In April 2001, I received a call from the city of Lowell, indicating that a sewer pipe had broken in the middle of the night in the basement of an apartment complex, forcing the city to evacuate the entire building. The tenants were scattered all over the city, but many of them had been put up by the landlord at a nearby Motel 6. For the most part, the belongings of these families, mostly poor, were irretrievable due to the damage made by the broken sewer pipe. Given this overnight reality, these families needed legal assistance to determine what damages they might be owed.

I raced over to the Motel 6 with a colleague of mine, and we began interviewing each of the families, one by one. Each family had a small hotel room, and while the children considered the stay at the hotel quite an adventure, you could see the stress already rising on the faces of the mothers and fathers, thinking about their next steps.

Unfortunately, the landlord of the building was already thinking of his next step. While I began preparing the housing court cases for the families in order to compensate them for losing everything in the apartment accident, the landlord sent his associates to the different motels and hotels where his former tenants were staying, and offered to pay them anywhere between $1-3,000 to sign a disclaimer waiving their rights to go to court over their lost property. Half of the families, scared about where they would live once their hotel stays ended, took the payoffs, which would barely pay for a month’s rent in most apartments available in Lowell.

Focusing my energies on the families that held out for a fairer settlement, I began calculating the true losses of these families, to be ready for the trial. I thought we had a good case, and it was a real pleasure working with these families, all of them hard-working and just wanting to get a fair shake from a raw deal. Because the landlord rebuffed my initial offer of a settlement, after consulting with my clients, we went to trial.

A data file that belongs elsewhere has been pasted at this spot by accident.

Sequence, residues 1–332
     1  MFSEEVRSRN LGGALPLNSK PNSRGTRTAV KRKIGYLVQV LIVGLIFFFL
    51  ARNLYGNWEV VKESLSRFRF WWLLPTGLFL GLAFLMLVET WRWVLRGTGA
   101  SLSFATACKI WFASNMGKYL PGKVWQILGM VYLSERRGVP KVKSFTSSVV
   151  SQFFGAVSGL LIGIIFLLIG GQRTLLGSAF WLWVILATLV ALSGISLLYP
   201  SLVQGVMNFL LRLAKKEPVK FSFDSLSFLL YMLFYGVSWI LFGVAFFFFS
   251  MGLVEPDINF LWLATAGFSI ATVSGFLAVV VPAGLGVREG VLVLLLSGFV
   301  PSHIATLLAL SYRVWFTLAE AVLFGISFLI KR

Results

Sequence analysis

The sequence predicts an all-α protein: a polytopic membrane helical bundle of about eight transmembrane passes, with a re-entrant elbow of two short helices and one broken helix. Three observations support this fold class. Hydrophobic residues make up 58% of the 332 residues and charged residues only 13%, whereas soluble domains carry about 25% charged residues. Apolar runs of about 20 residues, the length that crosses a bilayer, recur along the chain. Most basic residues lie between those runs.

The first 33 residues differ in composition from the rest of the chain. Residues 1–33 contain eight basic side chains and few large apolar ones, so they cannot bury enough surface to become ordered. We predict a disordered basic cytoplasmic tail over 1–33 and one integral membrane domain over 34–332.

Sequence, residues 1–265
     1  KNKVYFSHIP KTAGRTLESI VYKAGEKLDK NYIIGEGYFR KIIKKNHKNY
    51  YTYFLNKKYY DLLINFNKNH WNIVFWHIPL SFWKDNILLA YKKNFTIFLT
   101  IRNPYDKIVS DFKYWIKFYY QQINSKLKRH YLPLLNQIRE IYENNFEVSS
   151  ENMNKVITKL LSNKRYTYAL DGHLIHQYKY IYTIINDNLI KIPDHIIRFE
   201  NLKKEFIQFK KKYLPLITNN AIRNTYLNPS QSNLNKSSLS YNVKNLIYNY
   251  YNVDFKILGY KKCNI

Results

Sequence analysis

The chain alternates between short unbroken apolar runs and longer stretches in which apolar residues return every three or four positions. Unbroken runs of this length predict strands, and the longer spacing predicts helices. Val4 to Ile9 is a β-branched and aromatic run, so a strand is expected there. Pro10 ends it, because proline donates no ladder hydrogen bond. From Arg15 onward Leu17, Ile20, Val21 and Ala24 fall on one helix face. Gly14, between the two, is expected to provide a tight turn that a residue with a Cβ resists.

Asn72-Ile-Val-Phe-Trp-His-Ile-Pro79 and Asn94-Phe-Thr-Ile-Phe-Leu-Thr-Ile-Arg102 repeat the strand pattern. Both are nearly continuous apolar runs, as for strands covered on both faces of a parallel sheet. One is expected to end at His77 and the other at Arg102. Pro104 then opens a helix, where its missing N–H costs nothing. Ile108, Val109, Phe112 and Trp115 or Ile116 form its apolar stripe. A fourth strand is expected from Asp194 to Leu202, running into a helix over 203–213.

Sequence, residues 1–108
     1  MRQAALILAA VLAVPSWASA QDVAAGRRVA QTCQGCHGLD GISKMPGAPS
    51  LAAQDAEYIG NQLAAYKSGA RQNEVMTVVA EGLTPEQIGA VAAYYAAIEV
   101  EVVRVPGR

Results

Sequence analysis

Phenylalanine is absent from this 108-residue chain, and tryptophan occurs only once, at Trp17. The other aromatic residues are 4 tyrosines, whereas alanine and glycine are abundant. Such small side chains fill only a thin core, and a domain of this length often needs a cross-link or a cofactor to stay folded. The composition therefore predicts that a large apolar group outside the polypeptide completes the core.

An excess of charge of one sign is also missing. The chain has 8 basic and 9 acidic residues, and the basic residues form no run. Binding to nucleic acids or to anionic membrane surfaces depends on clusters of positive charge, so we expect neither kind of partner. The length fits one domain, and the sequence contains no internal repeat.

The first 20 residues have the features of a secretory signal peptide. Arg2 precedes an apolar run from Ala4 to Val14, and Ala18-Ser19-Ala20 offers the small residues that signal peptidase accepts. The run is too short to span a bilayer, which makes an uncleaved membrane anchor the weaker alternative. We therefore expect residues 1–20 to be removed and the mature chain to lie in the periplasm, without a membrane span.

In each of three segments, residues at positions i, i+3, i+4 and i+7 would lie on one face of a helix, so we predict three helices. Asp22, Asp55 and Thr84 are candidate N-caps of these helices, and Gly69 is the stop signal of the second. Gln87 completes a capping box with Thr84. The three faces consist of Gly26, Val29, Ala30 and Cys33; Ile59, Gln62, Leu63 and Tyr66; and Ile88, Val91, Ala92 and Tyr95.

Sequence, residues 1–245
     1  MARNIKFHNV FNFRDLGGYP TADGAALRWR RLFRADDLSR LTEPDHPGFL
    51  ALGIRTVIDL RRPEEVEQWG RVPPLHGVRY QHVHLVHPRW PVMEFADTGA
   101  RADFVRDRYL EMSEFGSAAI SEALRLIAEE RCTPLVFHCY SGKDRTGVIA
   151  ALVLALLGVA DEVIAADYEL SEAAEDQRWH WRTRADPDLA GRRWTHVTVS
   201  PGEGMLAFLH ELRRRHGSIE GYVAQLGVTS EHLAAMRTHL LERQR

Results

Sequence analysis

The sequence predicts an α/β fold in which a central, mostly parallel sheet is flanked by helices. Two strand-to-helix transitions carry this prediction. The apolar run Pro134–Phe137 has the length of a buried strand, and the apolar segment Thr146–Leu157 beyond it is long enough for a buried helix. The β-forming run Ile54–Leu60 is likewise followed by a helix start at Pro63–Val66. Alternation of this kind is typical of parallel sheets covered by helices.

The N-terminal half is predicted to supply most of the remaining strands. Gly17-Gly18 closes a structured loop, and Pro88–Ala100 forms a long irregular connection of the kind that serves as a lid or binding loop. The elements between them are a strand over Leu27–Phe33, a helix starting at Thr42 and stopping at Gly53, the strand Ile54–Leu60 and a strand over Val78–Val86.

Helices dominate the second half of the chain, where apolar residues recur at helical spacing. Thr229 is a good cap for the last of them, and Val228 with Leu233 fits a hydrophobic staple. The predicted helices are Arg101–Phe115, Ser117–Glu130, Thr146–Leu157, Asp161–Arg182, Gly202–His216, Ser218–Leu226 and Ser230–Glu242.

The Lowell Housing Court, located inside the Lowell Superior Court, a tall, grey forbidding building, is always chaotic as attorneys, tenants and landlords meet to discuss their cases. Most housing cases go first to a Housing Mediator, to see if a settlement can be reached and avoid a potentially costly trial before a housing judge. Unfortunately, this often means that both landlords and tenants are pressured into giving up their day in court in exchange for a settlement.

That day was no different, and what it meant was my bringing an offer to the families that was less than my estimate of their actual losses. After all, these families had lost all of their belongings in just a few chaotic hours, had no apartment to return to, and were still dealing with how their lives had changed in just one week. I pulled up a chair to one of the long tables in the courthouse, explaining to one man, an immigrant from Central America, about what the offer was on the table.

The offer, while substantial, would not make up for the families’ losses, and the husband began to cry. The pressure was too much, as I envisioned him calculating how far he and his family could go with the money being offered. His children, still treating the past week as an adventure, suddenly grew quiet as they observed their father, so strong, trembling with uncertainty about his next steps.

That, for me, was when I finally realized what it meant to be homeless. No control over your life, with inadequate resources, and the unbearable trauma of thinking where your family would sleep that night. When I think about the different resources, programs, and budgets that Massachusetts provides to prevent homelessness throughout the Commonwealth, I think of that one family struggling to maintain their dignity in that courthouse, not knowing where they were going to live.  -- Jamie Eldridge